Over the last hard winter five or six years back, Mel remembers people planting more and more overwintering brassicas like purple sprouting broccoli, or planting lots of greens in the spring. The risk there is picking up on that trend and over-committing. One person, at least, planted triple the amount and lost everything. “Mother nature is always like, ‘Oh you’re feeling confident, I’ll take your confidence away’.” Moments like that are there to “remind you not to bank too hard on that income, to have other avenues to make it through the season.”

“We live in a culture where we’re looking for that one book, that one person who’s going to teach us everything,” Mel says. “Farming is not that. I know folks that went to five, six, seven different farms to learn as much as they can. You will still learn until you die. There is no recipe in farming, there’s just a set of skills and knowledge you can keep accumulating.”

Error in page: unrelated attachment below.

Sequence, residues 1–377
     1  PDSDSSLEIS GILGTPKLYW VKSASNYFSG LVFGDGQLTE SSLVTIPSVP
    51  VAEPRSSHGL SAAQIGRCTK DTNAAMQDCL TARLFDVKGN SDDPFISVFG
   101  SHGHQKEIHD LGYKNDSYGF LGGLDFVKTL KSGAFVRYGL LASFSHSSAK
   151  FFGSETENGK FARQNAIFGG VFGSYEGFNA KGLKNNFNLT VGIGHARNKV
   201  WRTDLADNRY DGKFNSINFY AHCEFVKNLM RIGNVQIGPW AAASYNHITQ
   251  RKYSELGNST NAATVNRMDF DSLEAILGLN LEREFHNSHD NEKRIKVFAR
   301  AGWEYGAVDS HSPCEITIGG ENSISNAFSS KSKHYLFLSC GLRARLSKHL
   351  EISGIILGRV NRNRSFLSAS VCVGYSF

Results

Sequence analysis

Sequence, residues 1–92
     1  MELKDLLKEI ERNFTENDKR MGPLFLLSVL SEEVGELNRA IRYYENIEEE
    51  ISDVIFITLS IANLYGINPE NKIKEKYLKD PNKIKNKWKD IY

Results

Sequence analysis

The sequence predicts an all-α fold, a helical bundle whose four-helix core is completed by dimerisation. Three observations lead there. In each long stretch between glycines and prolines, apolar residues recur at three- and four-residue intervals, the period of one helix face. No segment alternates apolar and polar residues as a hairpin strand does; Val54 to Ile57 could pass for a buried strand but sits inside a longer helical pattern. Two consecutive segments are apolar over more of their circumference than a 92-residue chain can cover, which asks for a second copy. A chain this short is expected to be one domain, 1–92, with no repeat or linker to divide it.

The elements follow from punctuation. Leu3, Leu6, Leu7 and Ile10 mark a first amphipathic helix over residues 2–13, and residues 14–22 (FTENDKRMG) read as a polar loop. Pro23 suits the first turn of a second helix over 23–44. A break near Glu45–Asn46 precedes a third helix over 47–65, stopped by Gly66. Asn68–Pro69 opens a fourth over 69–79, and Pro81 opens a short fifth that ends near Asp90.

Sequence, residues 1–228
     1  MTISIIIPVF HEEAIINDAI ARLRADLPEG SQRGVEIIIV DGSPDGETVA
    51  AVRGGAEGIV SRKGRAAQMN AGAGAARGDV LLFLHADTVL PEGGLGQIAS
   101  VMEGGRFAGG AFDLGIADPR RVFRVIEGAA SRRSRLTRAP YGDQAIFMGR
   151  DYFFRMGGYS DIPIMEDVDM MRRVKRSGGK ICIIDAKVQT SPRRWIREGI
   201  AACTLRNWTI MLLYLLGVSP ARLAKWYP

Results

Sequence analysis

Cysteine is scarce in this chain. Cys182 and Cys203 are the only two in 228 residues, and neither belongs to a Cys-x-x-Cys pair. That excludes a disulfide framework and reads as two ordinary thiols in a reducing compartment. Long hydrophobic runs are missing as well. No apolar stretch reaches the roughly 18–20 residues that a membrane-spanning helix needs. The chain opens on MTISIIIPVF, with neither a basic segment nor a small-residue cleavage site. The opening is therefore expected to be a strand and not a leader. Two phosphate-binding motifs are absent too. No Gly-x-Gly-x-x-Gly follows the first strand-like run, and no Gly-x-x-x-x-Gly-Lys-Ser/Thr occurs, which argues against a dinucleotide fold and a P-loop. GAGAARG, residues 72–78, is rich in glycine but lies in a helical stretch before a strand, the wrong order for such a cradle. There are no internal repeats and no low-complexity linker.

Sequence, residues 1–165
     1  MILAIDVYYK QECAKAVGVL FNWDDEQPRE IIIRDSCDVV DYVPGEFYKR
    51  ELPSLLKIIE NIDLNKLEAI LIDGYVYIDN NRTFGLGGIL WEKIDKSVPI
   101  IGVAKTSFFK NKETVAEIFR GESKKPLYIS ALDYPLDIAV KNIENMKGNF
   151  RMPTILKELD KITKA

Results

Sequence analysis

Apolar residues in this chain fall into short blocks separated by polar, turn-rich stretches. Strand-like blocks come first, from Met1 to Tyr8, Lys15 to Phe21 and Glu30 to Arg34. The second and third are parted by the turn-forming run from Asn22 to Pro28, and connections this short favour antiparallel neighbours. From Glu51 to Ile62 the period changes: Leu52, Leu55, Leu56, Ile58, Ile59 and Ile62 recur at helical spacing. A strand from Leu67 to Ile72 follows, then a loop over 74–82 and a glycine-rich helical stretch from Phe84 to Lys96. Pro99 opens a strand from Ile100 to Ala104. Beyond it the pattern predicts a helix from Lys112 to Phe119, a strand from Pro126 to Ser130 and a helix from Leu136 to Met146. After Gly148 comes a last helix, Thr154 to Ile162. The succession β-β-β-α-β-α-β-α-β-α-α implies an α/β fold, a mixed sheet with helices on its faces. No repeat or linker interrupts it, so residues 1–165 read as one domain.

Mel highlights the importance of having a “troubleshooting mind” in the absence of a formula: someone can say, do it this way and this will be your result. “Maybe one year out of three that will be true. Other years, you get a cold spring and you have white fly now.” She is adamant that no one person on this planet can teach you—rather, it’s important to have diverse teachers. While there’s lots to be learned from books or online resources, that can be “a dangerous road. It doesn’t give you as much resilience in your toolbelt as just going through a season with one farmer locally in the region you want to farm.”

Grounded Acres Organic Farm Family: Hannah, Mel, Juniper, and River. Credit: Grounded Acres Organic Farm.

Community has been more important to their early success than Mel would ever have dreamed. Between Hannah and Mel, they have an incredible—and complementary—set of skills that are different and complete each other. Mel loves people but describes herself as “a blunt Quebecer who tells it like it is, which doesn’t always fly on the coast,” while she says “Hannah has this incredible way to put things in words. She’s spent a lot of time building who we are for the community.”